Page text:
(i) the building or other work is described in the contract in terms sufficiently precise to enable the court to determine the exact nature of the building or work;
(ii) the plaintiff has a substantial interest in the performance of the contract and the interest is of such a nature that compensation in money for non-performance of the contract is not an adequate relief; and
(iii) the defendant has, in pursuance of the contract, obtained possession of the whole or any part of the land on which the building is to be constructed or other work is to be executed.
The Supreme Court of India in “Nandganj Sihori Sugar Company Limited, Rae Bareli & Another Versus Badri Nath Dixit & Others, 1991 AIR(SC) 1525” has explained this legal provision succinctly. In the said case, the question that was addressed was “whether a suit for mandatory injunction can be allowed in relation to a contract of employment against the company asking the company to retain him as an employee.” Justice Thommen T.K. delivering the judgment beautifully summarized the legal provision. The court held that
“A contract of employment cannot ordinarily be enforced by or against an employer. The remedy is to sue for damages. The grant of specific performance is purely discretionary and must be refused when not warranted by the ends of justice. In the absence of any statutory requirement, courts do not ordinarily force an employer to recruit or retain service of employment required by an employer. There are of course certain exceptions to this rule such as i) In the case of a public servant dismissed for service in contravention of Article 311. ii) reinstatement of a dismissed worker under the Industrial Law; and (iii) a statutory body acting in breach of statutory obligations.”
The above judgment is in tune to the internationally accepted concept. Halsbury’s Laws of England, Fourth Edn., Volume 44, paragraphs 405 to 420, was quoted in the judgment. The relevant portions of the quoted reference is as below.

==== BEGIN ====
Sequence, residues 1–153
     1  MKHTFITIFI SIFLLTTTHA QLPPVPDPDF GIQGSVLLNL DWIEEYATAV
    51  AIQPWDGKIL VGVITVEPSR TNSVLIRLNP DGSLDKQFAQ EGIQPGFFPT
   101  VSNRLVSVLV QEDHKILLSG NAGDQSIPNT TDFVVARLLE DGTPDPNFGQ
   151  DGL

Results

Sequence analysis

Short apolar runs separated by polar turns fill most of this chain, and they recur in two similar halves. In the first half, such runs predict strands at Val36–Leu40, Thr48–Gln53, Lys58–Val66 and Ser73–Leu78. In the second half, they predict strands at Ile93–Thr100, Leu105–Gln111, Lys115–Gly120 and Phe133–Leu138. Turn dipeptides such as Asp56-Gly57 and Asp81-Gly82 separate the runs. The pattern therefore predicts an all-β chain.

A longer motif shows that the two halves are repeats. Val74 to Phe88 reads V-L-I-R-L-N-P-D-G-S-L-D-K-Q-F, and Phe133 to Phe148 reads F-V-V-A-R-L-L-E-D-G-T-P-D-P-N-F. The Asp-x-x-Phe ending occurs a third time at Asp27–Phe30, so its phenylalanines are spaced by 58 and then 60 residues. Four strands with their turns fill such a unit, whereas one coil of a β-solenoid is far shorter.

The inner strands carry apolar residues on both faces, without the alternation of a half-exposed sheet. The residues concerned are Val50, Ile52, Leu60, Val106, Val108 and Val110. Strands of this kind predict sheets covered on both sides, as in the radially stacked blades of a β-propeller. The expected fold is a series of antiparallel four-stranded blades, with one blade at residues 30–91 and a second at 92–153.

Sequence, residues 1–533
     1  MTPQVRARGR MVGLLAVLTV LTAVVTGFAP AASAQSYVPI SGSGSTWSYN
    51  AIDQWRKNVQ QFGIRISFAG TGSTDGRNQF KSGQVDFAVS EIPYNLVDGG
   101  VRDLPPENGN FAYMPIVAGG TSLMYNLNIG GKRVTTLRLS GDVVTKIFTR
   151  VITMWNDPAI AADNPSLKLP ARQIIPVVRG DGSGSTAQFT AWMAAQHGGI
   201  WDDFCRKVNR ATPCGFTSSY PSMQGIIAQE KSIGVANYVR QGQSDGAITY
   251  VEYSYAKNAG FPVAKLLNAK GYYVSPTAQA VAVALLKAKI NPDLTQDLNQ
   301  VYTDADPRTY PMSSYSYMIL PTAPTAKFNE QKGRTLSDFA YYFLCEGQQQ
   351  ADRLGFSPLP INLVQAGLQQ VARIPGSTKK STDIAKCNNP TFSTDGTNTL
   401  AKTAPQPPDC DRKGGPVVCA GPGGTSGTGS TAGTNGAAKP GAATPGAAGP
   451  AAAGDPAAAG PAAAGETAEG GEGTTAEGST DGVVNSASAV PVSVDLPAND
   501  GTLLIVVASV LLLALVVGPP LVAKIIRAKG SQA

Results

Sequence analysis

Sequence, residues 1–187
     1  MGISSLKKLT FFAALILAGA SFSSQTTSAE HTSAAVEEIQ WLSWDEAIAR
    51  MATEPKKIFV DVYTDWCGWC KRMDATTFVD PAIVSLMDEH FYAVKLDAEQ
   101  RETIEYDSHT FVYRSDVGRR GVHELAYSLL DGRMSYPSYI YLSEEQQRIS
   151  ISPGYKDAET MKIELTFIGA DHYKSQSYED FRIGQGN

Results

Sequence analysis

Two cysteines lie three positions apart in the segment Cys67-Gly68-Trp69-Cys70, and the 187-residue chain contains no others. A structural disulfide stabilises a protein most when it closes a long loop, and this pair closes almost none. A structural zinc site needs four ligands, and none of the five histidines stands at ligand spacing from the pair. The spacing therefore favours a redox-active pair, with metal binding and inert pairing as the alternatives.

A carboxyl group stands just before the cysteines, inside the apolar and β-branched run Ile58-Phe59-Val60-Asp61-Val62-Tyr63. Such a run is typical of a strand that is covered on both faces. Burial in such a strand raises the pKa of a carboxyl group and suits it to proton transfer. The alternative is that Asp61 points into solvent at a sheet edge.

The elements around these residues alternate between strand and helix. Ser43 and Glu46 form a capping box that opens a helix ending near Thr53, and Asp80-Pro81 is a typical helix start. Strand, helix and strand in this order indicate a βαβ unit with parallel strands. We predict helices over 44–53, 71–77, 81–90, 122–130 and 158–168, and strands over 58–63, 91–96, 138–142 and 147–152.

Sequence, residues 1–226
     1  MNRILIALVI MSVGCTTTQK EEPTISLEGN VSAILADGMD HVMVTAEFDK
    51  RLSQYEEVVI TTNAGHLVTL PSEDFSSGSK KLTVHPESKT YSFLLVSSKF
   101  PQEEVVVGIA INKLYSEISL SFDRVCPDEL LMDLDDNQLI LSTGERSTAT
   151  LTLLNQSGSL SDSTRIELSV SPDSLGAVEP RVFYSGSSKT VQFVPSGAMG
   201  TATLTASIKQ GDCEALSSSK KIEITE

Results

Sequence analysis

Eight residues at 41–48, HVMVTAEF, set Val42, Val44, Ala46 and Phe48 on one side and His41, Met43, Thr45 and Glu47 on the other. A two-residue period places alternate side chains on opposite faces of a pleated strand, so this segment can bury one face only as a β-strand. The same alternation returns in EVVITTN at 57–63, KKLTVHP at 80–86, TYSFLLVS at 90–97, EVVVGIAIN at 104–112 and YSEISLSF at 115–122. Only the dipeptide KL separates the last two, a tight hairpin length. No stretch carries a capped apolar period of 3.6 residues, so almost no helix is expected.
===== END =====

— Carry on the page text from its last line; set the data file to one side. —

“Courts do not ordinarily enforce performance of contracts of a personal character, such as a contract of employment. Subject to certain well defined categories of exceptions, law does not permit, and the Specific Relief Act does not contemplate, the enforcement of a contract of a personal nature by a decree for specific performance.”
The above judgment clarifies the legal recourse in cases of dispute between an employer and employee for the alleged or threatened breach of contract between employer and employee. Nobody can be forced to work. Nobody can be asked to retain a person as employee. If one of the parties wanted to get out of the contractual relationship, the only remedy available to the aggrieved party is to sue for damages. The rule narrated above is equally applicable in relation to all contracts of personal nature.
Forgetting this fundamental legal concept, there are thousands of pending litigations in various Indian courts seeking specific relief of mandatory injunction based on employment contracts. Can our justice administration collectively address to the cases and dispose of the same expeditiously in the interest of justice?
By: Rajesh Vellakkat & Indran MB